Impact on primary producers and zooplankton
From the beginning of the assays, MSWI bottom ash leachates had acute effects on D. magna survival (Mann-Whitney, p < 0.05). Their survival (Figure 2) was less than 10% in the following treatments: P1-4.0%, P1-8.0% and P2-8.0%. Those effects were proportional to leachates concentrations and decreased from P1 to P3. For most treatments (Pl, 1.56, 4.0 and 8.0%; P2, 4.0, 8.0%; and P3, 8.0%) after 10 d, Cu contents were higher (Figure 1) than the Cu 48 h EC50 for this species, which ranges between 25 and 32 Cu l−1 (Girling et al., 2000; Radix et al., 2000). Since Cu contents on day (0) were at least as high as on d 10, this metal was probably responsible for the effects observed on daphnid neonates. New organisms were introduced into the systems on d 3. Their survival was near 80% up to 20 d and then decreased progressively. At the highest concentration (8%), new organisms were introduced after 10 d of exposure in P1. The decline of food (algae) was probably responsible for daphnid mortality at the end of assays (Clément and Cadier, 1998).
Bottom ash leachates also had chronic effects on daphnids. The first broods were delayed at 8% in comparison to controls, 14 d against 10 d, on average (Mann-Whitney, p < 0.05). Number of neonates was significantly decreased at 4.0 and 8.0% of P2 and 8.0% of P3 (Mann-Whitney, p < 0.05; Figure 3). The 21d-NOEC is about 10 to 15 μ g Cu l−1 (Radix et al., 2000) which is below the overlying water concentrations of Cu in the following treatments, at the end of the assays: 25.9 μ g Cu l−1 for P2-4.0%; 47.1 μ g Cu l−1 for P2-8.0% and 19.4 μ g Cu l−1 for P3-8.0% (Figure 1). As a consequence, Cu was probably responsible for those chronic effects. Other metals were not expected to be toxic for daphnids at the concentrations measured in the water. Our results seem to be in contradiction with Ferrari et al. (1999) who demonstrated no effect of MSWI bottom ash leachates on daphnid reproduction in single-species tests. Daphnid exposure was probably higher in microcosms which could explain the observed effects. In microcosms, daphnids were exposed to pollutants through the overlying water but also by consuming algae on which pollutants where adsorbed and grazing on the sediment surface (Taylor et al., 1998).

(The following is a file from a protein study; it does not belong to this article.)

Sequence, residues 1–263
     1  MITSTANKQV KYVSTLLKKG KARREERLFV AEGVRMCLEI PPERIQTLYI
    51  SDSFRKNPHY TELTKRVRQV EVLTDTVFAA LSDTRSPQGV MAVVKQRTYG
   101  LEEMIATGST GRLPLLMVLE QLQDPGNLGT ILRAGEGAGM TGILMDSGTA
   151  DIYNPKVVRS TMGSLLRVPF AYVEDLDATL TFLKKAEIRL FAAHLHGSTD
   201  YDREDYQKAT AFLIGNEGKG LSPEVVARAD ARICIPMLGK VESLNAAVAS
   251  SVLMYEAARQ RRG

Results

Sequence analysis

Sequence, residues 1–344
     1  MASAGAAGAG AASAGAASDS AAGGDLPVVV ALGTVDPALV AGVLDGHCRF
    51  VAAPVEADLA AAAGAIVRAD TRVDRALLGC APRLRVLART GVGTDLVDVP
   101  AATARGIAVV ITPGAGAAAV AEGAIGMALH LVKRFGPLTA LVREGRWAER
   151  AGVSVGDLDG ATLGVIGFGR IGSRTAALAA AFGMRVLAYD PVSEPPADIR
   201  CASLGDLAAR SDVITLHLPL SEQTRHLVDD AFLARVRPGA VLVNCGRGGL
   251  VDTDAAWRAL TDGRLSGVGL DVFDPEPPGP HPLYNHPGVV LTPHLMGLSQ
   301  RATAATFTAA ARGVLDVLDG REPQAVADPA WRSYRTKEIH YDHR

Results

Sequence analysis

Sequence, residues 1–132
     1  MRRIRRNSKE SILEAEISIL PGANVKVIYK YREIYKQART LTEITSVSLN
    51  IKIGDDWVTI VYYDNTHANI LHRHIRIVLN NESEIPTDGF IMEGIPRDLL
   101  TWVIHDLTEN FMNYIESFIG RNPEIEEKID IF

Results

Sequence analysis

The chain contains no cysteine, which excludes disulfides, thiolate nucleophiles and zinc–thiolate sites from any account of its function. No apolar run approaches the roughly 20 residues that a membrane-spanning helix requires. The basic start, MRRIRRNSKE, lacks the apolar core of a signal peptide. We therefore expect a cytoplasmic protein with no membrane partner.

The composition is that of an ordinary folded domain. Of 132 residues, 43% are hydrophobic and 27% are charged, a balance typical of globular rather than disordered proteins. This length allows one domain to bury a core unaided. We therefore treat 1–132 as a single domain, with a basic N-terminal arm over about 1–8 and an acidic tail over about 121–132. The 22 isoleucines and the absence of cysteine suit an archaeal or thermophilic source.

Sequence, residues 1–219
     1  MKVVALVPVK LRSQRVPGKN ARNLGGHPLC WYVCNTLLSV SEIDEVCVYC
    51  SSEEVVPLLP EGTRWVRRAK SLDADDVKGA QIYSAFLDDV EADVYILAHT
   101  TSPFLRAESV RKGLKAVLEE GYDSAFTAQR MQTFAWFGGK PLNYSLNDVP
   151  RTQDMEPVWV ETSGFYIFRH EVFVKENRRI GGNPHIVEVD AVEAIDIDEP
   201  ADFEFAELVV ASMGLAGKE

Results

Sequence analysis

Algae growth was impaired by leachates at the higher concentrations, 4.0 and 8.0%, of P1, P2 and P3. Figure 4 presents the example for the evolution of chlorophyll a contents in the overlying water during the P2 assay. The pollutants seem to have algistatic effects (Ward et al., 2002): algae densities were low in that treatment after 10 d of experimentation but rose after that period. Effects were probably due to Cu which could have direct effects on algae at the concentrations measured in systems (72-h EC50 for this species is about 47 μ g Cu l−1; Radix et al., 2000), and might also complex nitrates and phosphates which become unavailable for algal growth (Rai and Mallick, 1993).
The comparison of the evolution of algal growth and daphnid survival in controls underlies the trophic relationship between algae and daphnids. This relationship has been demonstrated by numerous studies (Taub, 1989; Rai and Mallick, 1993). Algae represent the unique source of food in microcosms for daphnids, the primary consumer in the 2-l microcosms. When daphnid survival and reproduction were low, algae were not controlled and risks of algal bloom increased. This is what was observed at 4.0 and 8.0% of P2 (Figure 4) and 8.0% of P3. When daphnid survival was high, they controlled algae population and then risks of algal bloom were negligible. This is what we observed in control systems (Figure 4) and at the concentration of 1.56% of P1, P2 (Figure 4) and P3.
Duckweeds were characterized by linear growth during the three assays in both control and contaminated microcosms. The maximum growth was about 120 fronds in controls. Growth was significantly different (Mann-Whitney, p < 0.05) from the control at the following treatments: P1, 4.0%; P2, 4.0%; P1, 8.0%; P2, 8.0%; and P3, 8.0%. Ion salts weren't responsible for those effects. Toxic concentrations of ions in bottom ash leachates were indeed much higher than those measured in overlying water of microcosms: 7d-EC50 of 500.0 mg NaCl l−1 (Buckley et al., 1996), 4d-IC50 of 930.0 mg Cl− l−1 (Wang, 1986) and 4d-IC50 of 1.0 g SO42− l−1 (Wang, 1986). However, Cu which exhibits herbicidal properties (Taub, 1989; Girling et al., 2000), was present in close to toxic concentrations for L. minor in microcosms: 14d-NOEC of 60 μ g Cu l−1 (Jenner et al., 1993), 20d-LOEC of 83 μ g Cu l−1 (Girling et al., 2000). In addition, some of the effects could be induced by the simultaneous presence of other potentially toxic metals.
Impact on benthic organisms
The amphipod survival in control systems was higher than 80% at the end of the three assays. At the highest concentration (8%), the leachate had lethal effects on H. azteca (Mann-Whitney, p < 0.05): 56.7% mean survival in P2 and 53.3% mean survival in P3. No survival and growth decrease were seen in the other treatments.